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We've been asked several times about how to keep the goats out of the dog food.  Our response is that we use self feeders.  This keeps us from being  locked into a specific time to feed the dogs. It also means there is always free choice food available to the dogs so they're never stacked up at the gate waiting to be fed just as the goats decide to go back out to forage.  We have never had to hold food back from any of our working dogs because they were eating too much and they seem to stay quite healthy choosing when and how much to eat without our interference.  

By the way, if you can find someone who manufactures or assembles the actual feeders, you may save a good deal of money buying seconds.  These feeders can be classed as seconds for a marred finish on the metal or other similar inconsequential irregularities.  We got these for about half price.

 

This is one of our older feeders made from hog panel.  It has been reused and patched several times and still works great!

We have placed hog panel, cattle panel and utility panel (but a wooden fence or any barrier too high for goats would work) around the feeder and cut a hole in the panel about 14 inches off the ground with the hole being 9 inches to 1' square.  The dogs can get through the hole to get to the feeder and the goats can't.  Make sure any sharp edges or points are smoothed off to protect the dogs when they go through because it is a tight fit.  Variations of this method include making a hole for the dogs to crawl under or teaching them to jump in over the top.  We don't use these variations because we feel it teaches and encourages the dogs to use skills helpful in circumventing our fencing.

This is Sunshine using a feeder made from cattle panel with 6" squares.  Note how she turns partially onto her side to make it through.  Each picture is from a separate trip because the camera would only work fast enough to get one shot per trip.

To teach the dogs to use the feeders,  put them in the 'pen' show them the food, and lock them in.  They can almost always figure out how to get out. You do need to check though, we've had some rescue dogs that would have stayed in there forever if they weren't released. You may have to do this two or three times before they catch on.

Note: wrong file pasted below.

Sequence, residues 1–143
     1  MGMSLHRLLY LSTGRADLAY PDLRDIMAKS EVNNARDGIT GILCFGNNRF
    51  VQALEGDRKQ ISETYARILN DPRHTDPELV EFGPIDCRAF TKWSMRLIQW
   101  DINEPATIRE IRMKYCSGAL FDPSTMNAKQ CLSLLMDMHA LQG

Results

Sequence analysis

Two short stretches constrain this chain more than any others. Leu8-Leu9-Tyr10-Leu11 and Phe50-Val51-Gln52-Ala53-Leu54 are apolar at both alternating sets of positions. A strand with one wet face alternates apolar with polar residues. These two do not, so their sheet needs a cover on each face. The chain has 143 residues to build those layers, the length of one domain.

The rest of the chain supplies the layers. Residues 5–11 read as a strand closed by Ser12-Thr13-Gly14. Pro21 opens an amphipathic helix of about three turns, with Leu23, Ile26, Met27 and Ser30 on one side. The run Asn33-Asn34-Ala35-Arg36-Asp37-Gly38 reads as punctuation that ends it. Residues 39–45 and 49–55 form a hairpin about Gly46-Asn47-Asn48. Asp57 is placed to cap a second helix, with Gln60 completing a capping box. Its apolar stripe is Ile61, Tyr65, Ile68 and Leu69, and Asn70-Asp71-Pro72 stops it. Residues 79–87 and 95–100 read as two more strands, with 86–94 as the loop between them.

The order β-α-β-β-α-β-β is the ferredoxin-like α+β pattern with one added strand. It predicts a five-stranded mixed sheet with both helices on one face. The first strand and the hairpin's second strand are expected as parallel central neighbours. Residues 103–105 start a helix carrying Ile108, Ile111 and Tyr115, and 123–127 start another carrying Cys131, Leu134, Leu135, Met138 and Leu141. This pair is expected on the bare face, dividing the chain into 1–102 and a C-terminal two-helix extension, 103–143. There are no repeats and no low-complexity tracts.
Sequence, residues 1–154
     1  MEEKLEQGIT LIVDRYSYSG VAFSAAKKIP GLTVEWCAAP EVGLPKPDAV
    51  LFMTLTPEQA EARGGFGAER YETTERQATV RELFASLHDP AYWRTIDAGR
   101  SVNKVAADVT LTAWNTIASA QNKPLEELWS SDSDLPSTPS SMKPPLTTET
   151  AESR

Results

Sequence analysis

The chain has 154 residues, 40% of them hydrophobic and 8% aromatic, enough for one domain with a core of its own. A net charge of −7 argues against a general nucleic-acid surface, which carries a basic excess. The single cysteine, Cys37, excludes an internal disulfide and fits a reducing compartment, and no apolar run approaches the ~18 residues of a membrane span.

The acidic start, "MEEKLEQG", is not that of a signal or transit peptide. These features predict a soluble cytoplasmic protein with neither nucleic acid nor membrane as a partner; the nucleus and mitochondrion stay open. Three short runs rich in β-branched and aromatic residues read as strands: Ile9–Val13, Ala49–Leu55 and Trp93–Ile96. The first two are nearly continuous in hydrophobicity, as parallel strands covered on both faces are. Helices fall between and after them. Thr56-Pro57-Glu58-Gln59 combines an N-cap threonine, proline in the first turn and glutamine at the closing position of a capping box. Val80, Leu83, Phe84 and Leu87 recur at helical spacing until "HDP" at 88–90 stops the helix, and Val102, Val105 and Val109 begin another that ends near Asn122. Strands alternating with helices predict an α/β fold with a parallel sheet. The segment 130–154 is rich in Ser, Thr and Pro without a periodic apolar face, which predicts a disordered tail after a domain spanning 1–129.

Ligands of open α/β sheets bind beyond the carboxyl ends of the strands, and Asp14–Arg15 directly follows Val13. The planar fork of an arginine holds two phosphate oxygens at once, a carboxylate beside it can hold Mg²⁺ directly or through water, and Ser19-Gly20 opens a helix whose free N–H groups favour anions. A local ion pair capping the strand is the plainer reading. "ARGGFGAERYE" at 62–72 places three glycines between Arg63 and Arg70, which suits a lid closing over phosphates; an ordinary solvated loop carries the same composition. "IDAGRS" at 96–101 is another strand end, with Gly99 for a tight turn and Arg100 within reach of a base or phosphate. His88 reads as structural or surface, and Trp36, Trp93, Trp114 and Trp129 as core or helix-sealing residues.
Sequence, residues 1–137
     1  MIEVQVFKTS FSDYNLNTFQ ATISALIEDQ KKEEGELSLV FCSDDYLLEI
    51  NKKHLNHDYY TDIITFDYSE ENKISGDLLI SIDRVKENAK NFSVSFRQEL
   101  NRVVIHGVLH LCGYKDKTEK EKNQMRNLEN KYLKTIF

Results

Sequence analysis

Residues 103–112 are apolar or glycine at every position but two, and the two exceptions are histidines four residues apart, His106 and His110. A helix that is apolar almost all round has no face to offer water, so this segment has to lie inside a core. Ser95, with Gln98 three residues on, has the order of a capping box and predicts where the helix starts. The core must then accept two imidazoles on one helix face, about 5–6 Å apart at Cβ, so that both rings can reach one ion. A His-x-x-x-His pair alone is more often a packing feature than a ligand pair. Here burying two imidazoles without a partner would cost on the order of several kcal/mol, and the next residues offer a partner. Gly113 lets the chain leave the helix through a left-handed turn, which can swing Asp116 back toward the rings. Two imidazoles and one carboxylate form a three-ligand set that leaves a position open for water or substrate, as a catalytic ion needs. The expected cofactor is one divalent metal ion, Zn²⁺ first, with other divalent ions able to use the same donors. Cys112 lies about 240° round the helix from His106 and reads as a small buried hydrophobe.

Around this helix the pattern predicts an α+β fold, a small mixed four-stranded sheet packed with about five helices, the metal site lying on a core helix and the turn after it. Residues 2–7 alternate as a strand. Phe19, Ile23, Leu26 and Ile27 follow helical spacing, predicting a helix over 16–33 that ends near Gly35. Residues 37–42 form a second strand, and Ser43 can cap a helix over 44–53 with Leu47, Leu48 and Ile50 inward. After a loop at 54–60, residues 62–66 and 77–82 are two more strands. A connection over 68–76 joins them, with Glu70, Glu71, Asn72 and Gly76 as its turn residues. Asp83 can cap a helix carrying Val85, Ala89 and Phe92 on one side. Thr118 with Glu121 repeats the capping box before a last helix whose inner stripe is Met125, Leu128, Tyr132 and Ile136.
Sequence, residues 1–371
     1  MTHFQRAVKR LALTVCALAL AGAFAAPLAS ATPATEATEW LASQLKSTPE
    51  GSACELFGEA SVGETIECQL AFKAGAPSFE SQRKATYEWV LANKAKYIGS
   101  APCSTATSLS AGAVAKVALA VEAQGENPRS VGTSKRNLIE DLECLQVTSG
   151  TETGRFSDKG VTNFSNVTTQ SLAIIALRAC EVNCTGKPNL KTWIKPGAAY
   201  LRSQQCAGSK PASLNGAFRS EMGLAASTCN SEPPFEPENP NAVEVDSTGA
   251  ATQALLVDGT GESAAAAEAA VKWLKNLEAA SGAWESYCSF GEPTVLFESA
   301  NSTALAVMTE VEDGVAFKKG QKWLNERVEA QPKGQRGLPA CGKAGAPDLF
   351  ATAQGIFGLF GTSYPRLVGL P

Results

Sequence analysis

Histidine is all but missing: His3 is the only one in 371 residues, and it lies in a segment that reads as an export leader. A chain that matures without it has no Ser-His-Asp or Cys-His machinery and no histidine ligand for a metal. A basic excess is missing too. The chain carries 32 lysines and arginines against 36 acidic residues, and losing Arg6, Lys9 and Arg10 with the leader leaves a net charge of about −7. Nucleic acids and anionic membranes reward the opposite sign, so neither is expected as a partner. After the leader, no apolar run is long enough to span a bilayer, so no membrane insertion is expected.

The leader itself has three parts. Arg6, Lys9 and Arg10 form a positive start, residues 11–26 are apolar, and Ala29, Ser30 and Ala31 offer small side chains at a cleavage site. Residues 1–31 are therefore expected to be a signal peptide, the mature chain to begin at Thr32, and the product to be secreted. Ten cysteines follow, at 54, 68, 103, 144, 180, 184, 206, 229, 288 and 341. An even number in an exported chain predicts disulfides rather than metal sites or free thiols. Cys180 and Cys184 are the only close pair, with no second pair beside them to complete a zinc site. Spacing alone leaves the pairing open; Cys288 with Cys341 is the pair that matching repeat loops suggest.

This is Daisy and one of her pups.  Note that the opening is actually too low.  This has not caused a problem here, however in the first picture, one of the patches on that panel was for a hole cut like this one where the goats did crawl in.  In this case the goats wanted in so badly that they kept collapsing the hog panel and then leaned into eat the dog food.  We doubled the panel and this seemed to stop them.

 

 

On occasion, you'll find that a goat or two will figure out how to get in to a specific feeder.  In that case, you'll have four choices:

1.  Reconfigure the feeder with a different height from ground and a smaller hole.

2. Sell the goat or otherwise physically remove it from the pen where the feeder is located.

3. Feed the dogs individually.

4. Resign yourself to feed that goat dog food.

We have never found a way to un-train the goat from getting into the feeder without either making changes in the way it's built or making it just as unusable for dogs as it becomes for goats.  (i.e. electric fence to keep animals away is just too inclusive!) The goat will learn easily that it is a "bad thing" to be in the feeder but that just means they run when they see you coming.

 


We recently saw this inverted triangle design for a dog self feeder doorway on workingLGDs@yahoogroups.com.  Jennifer Gale says the the inverted triangle must be at least 6 inches above floor level and she recommends the the triangle have three points rather than the cut off like the one in the picture.   Apparently goats cannot figure out how to get their legs pulled in tight enough to go through the door.  This picture shows an opening 19" wide and 19" tall; when we make ours, we'll try making the hole shorter and even narrower on top.  Right now we're are pretty well covered over so it will be a while before we get to try this but it looked so good that we asked Jennifer if we could put up the picture.  Big goats can trash the panel feeders we show above and this is the first really different way we've seen that looked good to us.

 

                                                              

 


Dan & Paula Lane
Copyright 2002 [Bountiful Farm]. All rights reserved.

 
 
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